Tiger Lily (Peter Pan)

Tiger Lily is a fictional character in J. M. Barrie's 1904 play Peter Pan, or The Boy Who Wouldn't Grow Up, his 1911 novel Peter and Wendy, and their various adaptations.

Tiger Lily
Peter Pan character
Tiger Lily.PNG
1907 illustration of Tiger Lily by Oliver Herford
First appearancePeter and Wendy (1904)
Created byJ. M. Barrie
Portrayed byMiriam Nesbitt (UK first stage 1904 production)
Margaret Gordon (US first 1905 production)
Anna May Wong (1924 film)
Carsen Gray (2003 film)
Rooney Mara (Pan)
Sara Tomko (Once Upon a Time)
Voiced byCree Summer (Peter Pan and the Pirates)
In-universe information
FamilyGreat Big Little Panther (father)


Tiger Lily is the daughter of Great Big Little Panther, the chief of the Piccanniny tribe, the fictional tribe of Native Americans living in Neverland. Barrie describes her as "a princess in her own right. The most beautiful of dusky Dianas and the belle of the Piccaninnies, coquettish, cold and amorous by turns."[1] She is apparently old enough to be married, but refuses any suitors because of her feelings towards Peter. She is jealous of Wendy and Tinker Bell. Tiger Lily is kidnapped by Captain Hook and his pirates but is rescued by Peter Pan.

In other mediaEdit

In the 1924 silent film Peter Pan, she is played by Anna May Wong.

In the Disney animated film of the same name, Captain Hook kidnaps Tiger Lily which leads her father Big Chief to suspect that the Lost Boys were responsible. Hook leaves her to drown at Skull Rock, but she is saved by Peter, who brings her back to her tribe. While the Indians celebrate, Wendy becomes jealous of how Tiger Lily is flirting with Peter.

In Cheshire Crossing, an older Tiger Lily is responsible for saving Wendy's life after she is stabbed, both having previously been romantically involved.

Tiger Lily appears in Peter Pan & the Pirates voiced by Cree Summer. She and her brother Hard-to-Hit sometimes tag along with and aid their friends Peter Pan, Tinker Bell, the Darling children and the Lost Boys on their many adventures.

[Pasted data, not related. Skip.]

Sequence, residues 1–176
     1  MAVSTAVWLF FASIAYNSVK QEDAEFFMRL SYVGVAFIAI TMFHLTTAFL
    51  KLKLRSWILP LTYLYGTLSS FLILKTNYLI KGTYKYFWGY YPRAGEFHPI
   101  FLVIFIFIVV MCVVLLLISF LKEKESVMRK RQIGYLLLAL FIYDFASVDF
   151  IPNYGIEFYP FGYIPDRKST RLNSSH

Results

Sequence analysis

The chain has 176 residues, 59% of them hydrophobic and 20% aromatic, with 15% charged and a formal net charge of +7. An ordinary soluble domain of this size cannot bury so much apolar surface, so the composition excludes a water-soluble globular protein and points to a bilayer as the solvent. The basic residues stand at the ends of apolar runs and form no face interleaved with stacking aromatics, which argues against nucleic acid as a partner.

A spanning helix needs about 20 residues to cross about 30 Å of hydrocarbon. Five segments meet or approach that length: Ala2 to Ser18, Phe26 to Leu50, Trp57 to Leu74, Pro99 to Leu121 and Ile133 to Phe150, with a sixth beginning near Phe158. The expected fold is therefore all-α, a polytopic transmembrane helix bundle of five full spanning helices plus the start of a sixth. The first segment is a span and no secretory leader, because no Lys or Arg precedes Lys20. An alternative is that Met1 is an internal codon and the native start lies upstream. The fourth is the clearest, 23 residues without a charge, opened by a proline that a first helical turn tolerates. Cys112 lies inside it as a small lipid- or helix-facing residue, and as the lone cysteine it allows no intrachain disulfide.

In P. J. Hogan's 2003 film, she is played by Carsen Gray. In this version Tiger Lily is attracted to Wendy's younger brother John.

In Neverland, she is portrayed as Aaya, played by Q'orianka Kilcher. Aaya means "lily of tiger" in her native language.

Tiger Lily appears in Pan portrayed by Rooney Mara as love interest to a younger James Hook, a casting that created controversy due to claims of whitewashing.[2]

Tiger Lily appears in Once Upon a Time portrayed by Sara Tomko. In this version, she started out as a fairy that was the fairy godmother to a baby Rumplestiltskin and a friend of the Blue Fairy. At some point, Tiger Lily gave up her fairy wings and relocated to Neverland where she had a history with Captain Hook.

She is the protagonist of the book Tiger Lily written by Jodi Lynn Anderson (2012), told from the point of view of Tinker Bell.

Canadian actress Alyssa Wapanatahk will be portraying Tiger Lily in the upcoming film Peter Pan and Wendy.[3]


The character has attracted controversy due to racism and Native American stereotyping.[4][5][6][7][8]


  1. ^ J.M. Barrie. Peter and Wendy Chapter 5. Hodder & Stoughton (1911)
  2. ^ https://eu.usatoday.com/story/life/entertainthis/2016/02/23/rooney-mara-tiger-lily-pan-hollywood-whitewashing/80792024/
  3. ^ "Alberta-raised Cree actor lands role in Disney's live-action 'Peter Pan and Wendy'". CBC News.
  4. ^ Yuhas, Alan (7 December 2014). "What's up, Tiger Lily? Peter Pan and the Native American stereotype that has certainly grown old". Retrieved 7 November 2016 – via The Guardian.
  5. ^ Merry, Stephanie (8 October 2015). "Casting Rooney Mara as Tiger Lily is only one of many problems with 'Pan'". Retrieved 7 November 2016 – via washingtonpost.com.
  6. ^ Mama, Elizabeth Broadbent Manic Pixie Dream (11 December 2014). "Peter Pan and the Roots of Racism". Retrieved 7 November 2016.
  7. ^ Rose, Jacqueline (14 January 1994). "The Case of Peter Pan: or The Impossibility of Children's Fiction". Springer. Retrieved 7 November 2016 – via Google Books.
  8. ^ Corcuera, Alfonso Muñoz; Biase, Elisa T. Di (15 November 2012). "Barrie, Hook, and Peter Pan: Studies in Contemporary Myth; Estudios sobre un mito contemporáneo". Cambridge Scholars Publishing. Retrieved 7 November 2016 – via Google Books.